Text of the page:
Hello again there (for the second time today), I've been wanting to write this blogpost for a while actually, as more and more people have been asking me what podcasts I listen to. The title of 'Queen of Podcasts' has been conferred to me via my colleague Jason McDermott, who has the pleasure of hearing about my most recent discoveries first thing in the morning, you know, right when he puts his bag down and takes in a long breath to start the day.
So I am very generous with my sharing of information, that must be said. I feel bad for all those who walked, biked or rode the bus/train to work listening to "Kings of Leon" for the eight hundredth time. That's no way to live! Podcasts are a commuting thing to me, it gets my mind going in the morning and helps me switch off in the evening. I learn about incredible things! There are literally no boundaries to the kind of things I would be interested in learning about. If you're anywhere close to this description, I think you would enjoy my top three of podcasts
#1: WNYC's Radiolab, NPR, Jad Abumrad and Robert Krulwich
Hands down. No question about it. I challenge you to challenge me on this one. Jad Abumrad and Robert Krulwich present short and long podcasts on virtually any theme. Past themes have included "Oops", "Stochasticity", "Proof", "Moments". It's all quite abstract and esoteric but they bring the content home by telling incredibly good stories that relate in one way or another to science. The stories of people who have done extraordinary things, or met incredible people, stories of love, courage and persistence on a background of scientific discovery. Half the job is done for these guys once they get the people to accept to share their stories. Once the contributors are invested in telling their story, the rest consists mainly in building the architecture of the story around that through music, sound effects and great producers. Jad is a truly accomplished presenter and editor, and he's Lebanese, which is probably another reason I have a soft spot for this podcast. Don't wait any longer, get this stuff loaded up onto your iPod.
#2: A History of the World in a Hundred Objects, BBC Radio 4, Neill McGregor
I just love the BBC and I love the British Museum even more. So a podcast that binds the two together in a very clever arrangement is bound to make it on my top 3 of podcasts. Both of these are strong pulls back to the UK for me. I romanticise of spending hours and hours at the British Museum whilst absorbing endless amounts of BBC content (live for a change). We do get BBC content through the ABC down here, but it's just not the same.
This podcast is a truly exceptional way of navigating through the vastness of the British Museum's collection. I'd been to the Museum dozens of times before but never was my visit so productive and memorable as when I followed the cues for objects featured in this podcast through the museum. I was there for 5 hours and got through 41 objects. Not bad, eh?
The podcast is narrated by the Director of the British Museum, Neill McGregor, a seriously clever and articulate man. He's got a peculiar way of talking but then again, by some accounts, so do I. I will just put that down to some extra British eccentricity.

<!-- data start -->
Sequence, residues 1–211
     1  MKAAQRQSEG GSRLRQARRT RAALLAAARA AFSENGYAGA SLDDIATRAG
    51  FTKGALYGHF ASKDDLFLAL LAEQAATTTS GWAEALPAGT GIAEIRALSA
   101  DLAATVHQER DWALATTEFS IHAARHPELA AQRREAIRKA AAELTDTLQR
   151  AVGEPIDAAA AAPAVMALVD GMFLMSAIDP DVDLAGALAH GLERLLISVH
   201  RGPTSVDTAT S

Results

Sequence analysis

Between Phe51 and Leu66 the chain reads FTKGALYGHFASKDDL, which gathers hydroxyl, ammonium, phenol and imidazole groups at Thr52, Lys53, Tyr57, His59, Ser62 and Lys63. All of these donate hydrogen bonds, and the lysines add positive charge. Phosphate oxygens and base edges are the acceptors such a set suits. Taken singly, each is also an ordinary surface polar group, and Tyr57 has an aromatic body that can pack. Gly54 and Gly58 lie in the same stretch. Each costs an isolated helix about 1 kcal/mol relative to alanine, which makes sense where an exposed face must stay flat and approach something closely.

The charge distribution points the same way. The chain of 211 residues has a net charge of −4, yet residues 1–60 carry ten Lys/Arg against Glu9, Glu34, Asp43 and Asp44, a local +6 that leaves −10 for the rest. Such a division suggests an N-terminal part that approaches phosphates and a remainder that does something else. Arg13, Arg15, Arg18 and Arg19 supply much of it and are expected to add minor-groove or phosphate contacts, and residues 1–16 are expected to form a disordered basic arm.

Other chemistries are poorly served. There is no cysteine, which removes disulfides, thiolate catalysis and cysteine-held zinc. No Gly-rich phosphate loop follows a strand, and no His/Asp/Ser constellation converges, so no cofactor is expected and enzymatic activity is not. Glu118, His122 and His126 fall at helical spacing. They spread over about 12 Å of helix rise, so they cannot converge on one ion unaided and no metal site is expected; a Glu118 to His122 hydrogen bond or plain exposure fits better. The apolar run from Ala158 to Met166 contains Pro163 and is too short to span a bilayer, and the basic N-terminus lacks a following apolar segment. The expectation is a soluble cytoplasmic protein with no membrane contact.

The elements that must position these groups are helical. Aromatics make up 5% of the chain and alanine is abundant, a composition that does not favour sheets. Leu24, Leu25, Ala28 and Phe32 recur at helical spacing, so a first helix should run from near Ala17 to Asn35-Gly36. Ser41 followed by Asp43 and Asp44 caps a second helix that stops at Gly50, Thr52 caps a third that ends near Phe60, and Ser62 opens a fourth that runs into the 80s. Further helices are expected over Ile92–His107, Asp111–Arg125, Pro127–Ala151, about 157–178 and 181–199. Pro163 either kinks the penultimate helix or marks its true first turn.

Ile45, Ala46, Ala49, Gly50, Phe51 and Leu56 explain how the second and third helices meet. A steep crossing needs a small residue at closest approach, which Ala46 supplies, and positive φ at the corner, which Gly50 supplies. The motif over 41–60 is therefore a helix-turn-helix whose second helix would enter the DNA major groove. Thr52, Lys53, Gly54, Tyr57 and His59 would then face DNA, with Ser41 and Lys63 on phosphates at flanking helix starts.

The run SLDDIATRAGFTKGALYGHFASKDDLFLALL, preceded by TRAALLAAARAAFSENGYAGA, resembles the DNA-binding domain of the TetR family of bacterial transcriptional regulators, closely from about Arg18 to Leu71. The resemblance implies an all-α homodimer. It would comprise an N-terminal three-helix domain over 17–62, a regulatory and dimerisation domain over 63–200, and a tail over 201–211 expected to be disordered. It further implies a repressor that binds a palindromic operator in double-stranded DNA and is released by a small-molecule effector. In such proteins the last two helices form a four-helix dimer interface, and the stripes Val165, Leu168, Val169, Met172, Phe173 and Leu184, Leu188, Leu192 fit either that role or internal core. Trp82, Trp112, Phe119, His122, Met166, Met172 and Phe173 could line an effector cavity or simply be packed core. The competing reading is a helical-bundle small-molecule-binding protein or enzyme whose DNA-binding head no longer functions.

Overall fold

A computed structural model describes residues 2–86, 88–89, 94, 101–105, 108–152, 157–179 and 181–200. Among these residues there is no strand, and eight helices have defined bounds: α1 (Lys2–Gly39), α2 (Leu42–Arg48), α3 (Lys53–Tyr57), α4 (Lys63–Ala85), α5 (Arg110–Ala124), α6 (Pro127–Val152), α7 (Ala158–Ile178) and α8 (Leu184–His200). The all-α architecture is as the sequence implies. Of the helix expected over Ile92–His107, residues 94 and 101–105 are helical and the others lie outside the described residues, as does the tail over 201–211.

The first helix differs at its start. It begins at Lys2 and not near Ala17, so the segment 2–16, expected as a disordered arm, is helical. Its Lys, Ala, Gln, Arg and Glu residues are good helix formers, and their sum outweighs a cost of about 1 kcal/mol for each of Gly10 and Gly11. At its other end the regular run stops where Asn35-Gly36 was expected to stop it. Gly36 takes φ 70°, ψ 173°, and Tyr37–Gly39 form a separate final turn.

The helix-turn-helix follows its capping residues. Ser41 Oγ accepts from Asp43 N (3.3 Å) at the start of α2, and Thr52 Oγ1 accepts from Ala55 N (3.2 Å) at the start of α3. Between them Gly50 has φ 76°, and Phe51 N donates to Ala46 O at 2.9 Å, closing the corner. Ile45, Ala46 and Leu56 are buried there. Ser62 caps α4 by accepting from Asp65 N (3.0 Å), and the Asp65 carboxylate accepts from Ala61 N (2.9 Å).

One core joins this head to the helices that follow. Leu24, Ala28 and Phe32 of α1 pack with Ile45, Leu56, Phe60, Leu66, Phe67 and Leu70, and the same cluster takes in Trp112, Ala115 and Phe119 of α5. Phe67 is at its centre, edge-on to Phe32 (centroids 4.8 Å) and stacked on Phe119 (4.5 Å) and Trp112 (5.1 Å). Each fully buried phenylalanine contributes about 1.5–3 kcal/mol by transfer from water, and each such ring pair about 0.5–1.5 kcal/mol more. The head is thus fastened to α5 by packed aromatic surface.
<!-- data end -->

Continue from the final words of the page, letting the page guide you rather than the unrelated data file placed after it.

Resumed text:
Starting in pre-history, McGregor takes us through one hundred objects of the collection and tells us about the story that underpins this object, including how the object got the British Museum in the first place. I always find that I enjoy things a bit more when I know the back story and this is no exception. He runs you through the archeological reasoning that enabled experts to place the object in history, talks of the wider economic and social shifts that made the object possible in the first place. The moral of the story is really that nothing is really as it seems, there is so much more to know about everything. Just love it.
Melvyn Bragg had an advantage with me. I already knew him through his amazing documentary and book about the history of the English Language, The Adventures of English. I had been transfixed by his extensive knowledge of the language and his ability to tell the story of a language in a way that was engaging, not too technical and tied its evolution back to the socio-historical drivers of the British Isles and the Commonwealth.
The podcast is complete intellectual luxury, Melvyn travels from one obscure topic to the next week by week, but always well surrounded by academics from the world's best academic institutions (although UK universities tend to get a lot more airtime that US ones). I've learnt about the most unlikely topics such as Wyclif and the Lollards, the Battle of Stamford Bridge, the Death of Elizabeth I, the Indian Rebellion, you name it, Melvyn's got it covered. It's a great podcast to run to as they last about 45 minutes, a good amount of time for us joggers to get our heads around.
As an extra (I know I am going beyond the promised three), but I would also recommend tuning into Radio National down here in Australia. It's got the range and depth of programming that can interest a wide range of people and also often manage to interview great people from Brett Easton Ellis, to Bill Bryson, Brian Eno, etc...
My friend Imogen Tudor and I revel in the fact that we are Gen Y Radio National listeners. We're equally fulfilled by its eclectic yet reliable programming and find great pleasure in relating the stories to each other (sad, I know, but hey!). The programming is quite extensive but my personal favourites are Background Briefing, The Book Show, AM with Fran Kelly and maybe By Design (I find Alan Saunders a little bit irksome, especially the way he says RRRRRRRRRN).
There we go folks, I will continue to update as I find new treasures of the sound waves!